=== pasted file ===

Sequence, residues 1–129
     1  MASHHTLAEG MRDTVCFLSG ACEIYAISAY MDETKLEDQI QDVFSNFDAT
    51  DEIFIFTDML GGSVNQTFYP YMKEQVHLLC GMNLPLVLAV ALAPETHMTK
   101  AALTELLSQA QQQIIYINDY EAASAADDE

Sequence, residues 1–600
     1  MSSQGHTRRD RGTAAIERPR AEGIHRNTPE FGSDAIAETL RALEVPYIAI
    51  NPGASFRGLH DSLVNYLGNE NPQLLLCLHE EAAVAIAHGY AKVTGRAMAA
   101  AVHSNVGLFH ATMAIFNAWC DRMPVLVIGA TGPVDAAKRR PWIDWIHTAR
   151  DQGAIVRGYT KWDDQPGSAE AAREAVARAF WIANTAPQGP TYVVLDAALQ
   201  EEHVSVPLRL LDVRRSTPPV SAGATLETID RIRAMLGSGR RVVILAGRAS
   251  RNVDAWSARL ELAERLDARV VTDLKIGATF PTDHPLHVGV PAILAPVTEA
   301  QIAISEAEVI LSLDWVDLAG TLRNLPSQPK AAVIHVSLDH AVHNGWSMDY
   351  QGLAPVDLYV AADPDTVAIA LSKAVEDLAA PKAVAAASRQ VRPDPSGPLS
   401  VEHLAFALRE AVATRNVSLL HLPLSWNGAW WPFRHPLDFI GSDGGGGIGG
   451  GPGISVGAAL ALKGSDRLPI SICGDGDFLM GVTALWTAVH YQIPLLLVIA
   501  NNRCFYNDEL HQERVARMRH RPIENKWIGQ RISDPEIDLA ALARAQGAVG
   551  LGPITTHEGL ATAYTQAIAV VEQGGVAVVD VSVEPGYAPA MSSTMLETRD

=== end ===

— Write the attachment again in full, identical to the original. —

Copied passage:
Sequence, residues 1–129
     1  MASHHTLAEG MRDTVCFLSG ACEIYAISAY MDETKLEDQI QDVFSNFDAT
    51  DEIFIFTDML GGSVNQTFYP YMKEQVHLLC GMNLPLVLAV ALAPETHMTK
   101  AALTELLSQA QQQIIYINDY EAASAADDE

Sequence, residues 1–600
     1  MSSQGHTRRD RGTAAIERPR AEGIHRNTPE FGSDAIAETL RALEVPYIAI
    51  NPGASFRGLH DSLVNYLGNE NPQLLLCLHE EAAVAIAHGY AKVTGRAMAA
   101  AVHSNVGLFH ATMAIFNAWC DRMPVLVIGA TGPVDAAKRR PWIDWIHTAR
   151  DQGAIVRGYT KWDDQPGSAE AAREAVARAF WIANTAPQGP TYVVLDAALQ
   201  EEHVSVPLRL LDVRRSTPPV SAGATLETID RIRAMLGSGR RVVILAGRAS
   251  RNVDAWSARL ELAERLDARV VTDLKIGATF PTDHPLHVGV PAILAPVTEA
   301  QIAISEAEVI LSLDWVDLAG TLRNLPSQPK AAVIHVSLDH AVHNGWSMDY
   351  QGLAPVDLYV AADPDTVAIA LSKAVEDLAA PKAVAAASRQ VRPDPSGPLS
   401  VEHLAFALRE AVATRNVSLL HLPLSWNGAW WPFRHPLDFI GSDGGGGIGG
   451  GPGISVGAAL ALKGSDRLPI SICGDGDFLM GVTALWTAVH YQIPLLLVIA
   501  NNRCFYNDEL HQERVARMRH RPIENKWIGQ RISDPEIDLA ALARAQGAVG
   551  LGPITTHEGL ATAYTQAIAV VEQGGVAVVD VSVEPGYAPA MSSTMLETRD